Tupperware for the new millennium

Gold parties are recession chic


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Should I, or should I not, get rid of my high school boyfriend’s gold initial ring? What about my own initial ring, which I received for my 13th birthday? These are the pressing issues I mull over, before heading to my first gold party.

THANKS TO A recession and a more monetarily aware citizenry, gold parties have become all the rage. Louise and Sue Alexander, founders of Gold Party Princess, along with six employees are hosting three different gold parties in the city. No, not this month, or even this week — tonight!

What is a gold party?

It is like a Tupperware or Avon party your mom used to go to, but instead of leaving with a sandwich container, or a new anti-wrinkle cream, you bring your unwanted gold jewellery and leave with money.

Tonight, I’m heading to a home in Forest Hill.

The gold parties are well organized. Guests arrive, and take a number, like at a bakery, while Louise and a colleague set up on a long dining room table. When your number is called, you lay all your unwanted jewellery on a velvet tray. Louise, an expert in jewellery, will first figure out if your gold is real.

“There have been a couple times when someone brings in their wedding band,” she says. “And I hate to see their faces when I tell them it’s only worth $40.” After Louise knows the items are real, she separates them into different piles by karat.

My party draws an older crowd, mainly middle-aged women and seniors. The reasons they have for parting with their gold are basic: broken chains, missing pieces.

As classical music plays over the stereo and women gather to chat, snack on munchies and sip wine, provided by the host, I watch as a woman’s face (she had dumped what looked like a pile of knotted necklaces and old bangles on the tray) lights up as Louise tells her she’ll get $1,175.

On average, Louise and Sue will leave a gold party event shelling out $10,000 to guests. The lowest they’ve paid out was $17 for a single gold hoop earring. The highest was $3,000 for a bracelet.

“We’ve yet to find something too fabulous to melt.”

The Alexanders have a refinery where they melt the gold into bars. The bars are then recycled back into the market.

Louise is very pretty, funny and outgoing, which makes for a lively party atmosphere. She has stories that will keep you howling. Let’s just say, when women get together to sell their gold, the stories they tell are priceless.

At a previous party, after the Alexanders had separated a guest’s gold into 10 kt., 14 kt. and 18 kt. piles, the woman looked at the different piles and said, “That’s my first husband, second husband and third husband’s gifts,’” explains Sue. “Obviously she had progressed.”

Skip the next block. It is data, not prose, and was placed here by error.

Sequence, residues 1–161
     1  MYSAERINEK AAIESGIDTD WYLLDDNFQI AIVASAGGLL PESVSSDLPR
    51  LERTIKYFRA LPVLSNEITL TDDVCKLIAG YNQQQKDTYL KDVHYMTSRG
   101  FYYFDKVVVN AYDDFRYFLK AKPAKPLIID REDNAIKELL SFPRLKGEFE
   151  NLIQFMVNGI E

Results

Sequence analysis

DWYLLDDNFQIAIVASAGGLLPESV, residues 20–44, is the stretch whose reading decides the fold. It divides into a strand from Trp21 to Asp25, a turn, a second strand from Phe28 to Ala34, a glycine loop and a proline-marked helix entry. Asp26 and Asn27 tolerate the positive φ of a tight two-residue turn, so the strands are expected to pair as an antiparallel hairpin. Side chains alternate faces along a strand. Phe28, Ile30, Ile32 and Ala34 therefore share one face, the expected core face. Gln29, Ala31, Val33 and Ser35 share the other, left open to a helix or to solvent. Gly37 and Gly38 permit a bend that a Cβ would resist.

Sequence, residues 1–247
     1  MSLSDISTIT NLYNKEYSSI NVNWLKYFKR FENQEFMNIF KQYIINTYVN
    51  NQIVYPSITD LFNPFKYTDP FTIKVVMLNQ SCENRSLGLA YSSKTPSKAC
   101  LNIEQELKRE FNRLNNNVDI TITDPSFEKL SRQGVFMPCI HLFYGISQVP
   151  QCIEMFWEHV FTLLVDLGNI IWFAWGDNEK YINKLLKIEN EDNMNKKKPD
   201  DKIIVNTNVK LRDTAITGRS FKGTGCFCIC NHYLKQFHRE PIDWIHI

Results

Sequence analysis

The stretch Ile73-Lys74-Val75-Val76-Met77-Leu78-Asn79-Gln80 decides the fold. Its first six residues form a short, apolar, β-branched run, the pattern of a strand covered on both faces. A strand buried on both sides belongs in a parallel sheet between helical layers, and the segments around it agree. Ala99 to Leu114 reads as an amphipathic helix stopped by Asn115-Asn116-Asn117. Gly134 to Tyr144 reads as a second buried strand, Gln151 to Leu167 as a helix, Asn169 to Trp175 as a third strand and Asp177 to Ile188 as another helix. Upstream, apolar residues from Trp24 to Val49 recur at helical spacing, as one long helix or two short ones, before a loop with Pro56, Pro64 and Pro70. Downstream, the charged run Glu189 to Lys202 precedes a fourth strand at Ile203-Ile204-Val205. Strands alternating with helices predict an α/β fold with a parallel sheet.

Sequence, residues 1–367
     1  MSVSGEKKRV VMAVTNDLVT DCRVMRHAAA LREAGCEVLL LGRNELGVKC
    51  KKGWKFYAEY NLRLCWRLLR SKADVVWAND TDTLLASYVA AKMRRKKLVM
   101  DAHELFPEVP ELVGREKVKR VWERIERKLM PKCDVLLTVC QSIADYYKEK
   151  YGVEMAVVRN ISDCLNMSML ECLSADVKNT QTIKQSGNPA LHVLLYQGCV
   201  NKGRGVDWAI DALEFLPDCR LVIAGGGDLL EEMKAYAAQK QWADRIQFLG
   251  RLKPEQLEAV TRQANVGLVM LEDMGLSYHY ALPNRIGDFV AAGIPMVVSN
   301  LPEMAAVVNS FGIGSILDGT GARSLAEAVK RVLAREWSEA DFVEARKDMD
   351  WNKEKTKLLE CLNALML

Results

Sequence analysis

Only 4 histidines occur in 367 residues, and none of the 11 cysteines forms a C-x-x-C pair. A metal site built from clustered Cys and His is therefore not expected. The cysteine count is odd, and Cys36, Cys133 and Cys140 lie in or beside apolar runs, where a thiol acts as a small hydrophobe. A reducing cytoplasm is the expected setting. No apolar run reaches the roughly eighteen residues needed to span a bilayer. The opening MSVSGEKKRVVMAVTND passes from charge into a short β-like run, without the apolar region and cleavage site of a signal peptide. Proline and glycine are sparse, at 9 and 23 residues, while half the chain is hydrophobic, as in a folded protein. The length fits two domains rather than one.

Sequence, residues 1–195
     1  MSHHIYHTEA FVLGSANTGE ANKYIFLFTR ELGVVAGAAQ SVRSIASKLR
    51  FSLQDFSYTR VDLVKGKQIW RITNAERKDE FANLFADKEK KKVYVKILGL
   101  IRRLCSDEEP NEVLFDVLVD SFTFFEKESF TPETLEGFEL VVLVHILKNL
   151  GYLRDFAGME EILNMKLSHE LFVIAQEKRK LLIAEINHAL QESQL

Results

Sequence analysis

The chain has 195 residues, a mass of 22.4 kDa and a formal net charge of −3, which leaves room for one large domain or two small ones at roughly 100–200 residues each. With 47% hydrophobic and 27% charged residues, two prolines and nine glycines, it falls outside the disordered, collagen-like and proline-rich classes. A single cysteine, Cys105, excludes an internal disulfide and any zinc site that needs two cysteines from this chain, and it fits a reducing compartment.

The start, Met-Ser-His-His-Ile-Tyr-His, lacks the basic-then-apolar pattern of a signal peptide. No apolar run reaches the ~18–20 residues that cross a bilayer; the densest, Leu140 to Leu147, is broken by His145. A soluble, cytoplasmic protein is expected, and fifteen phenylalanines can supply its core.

Another time, Sue found a ring that was gold-plated. “Good thing I didn’t marry him,” the guest told her, finding out for the first time it wasn’t real.

Some really get into it, making the gatherings as fun as possible with themes (including a divorce party). At one party, everyone was wearing tiaras, and the host, an actress, hired a private chef to cook for everyone.

“Most people are doing it because it’s fun and trendy and a girls’ night out,” says Sue. “So far, nobody has come saying, ‘I’m selling this because I really need the money.’”

The host also gets 10 per cent of the sales, as an added incentive to hold a party. The craziest item someone brought in was gold dentures. “We didn’t melt that. We’re keeping it,” says Louise. “It’s too unusual to melt.”

Guests have different reactions when they’re told how much money they’ll get for items.

I watched a woman being handed a cheque for almost $2,000. I wanted to give her a high-five, but she was nonchalant.

“Some women don’t want everyone to know, so I just show them on my calculator. Some are funny about it,” says Louise. And sometimes, a gold party can turn emotional. One woman in her 80s came to a gold party and brought a small ring.

“I looked at it and asked her if she new it was engraved with initials. I told her what they were and she burst out crying,” says Louise. “She had no idea that it was engraved. Her father had engraved it for her mother on their wedding day. She was so thankful,” says Sue.

To host your own gold party, you need a minimum of six guests — family, friends, neighbours or coworkers — who bring unwanted gold items.

Along with all karats of gold, they also buy yellow, white, pink and green platinum.

“That’s the thing with gold. If you lose an earring, you don’t throw the other one out. It’s not like a sock. It has value,” says Louise.

“And if it’s just sitting there, accumulating dust, why not make some money?”

As Louise and Sue are sent home with leftover food and guests have left with cheques in hand totally almost $10,000, I’m left thinking of hosting my own gold party.

For sentimental reasons, I have always held onto gold gifts and trinkets from my ex-boyfriends. Of course, a loud ca-ching might just change my mind.

As Louise says, “We’ve yet to find something too fabulous to melt.”

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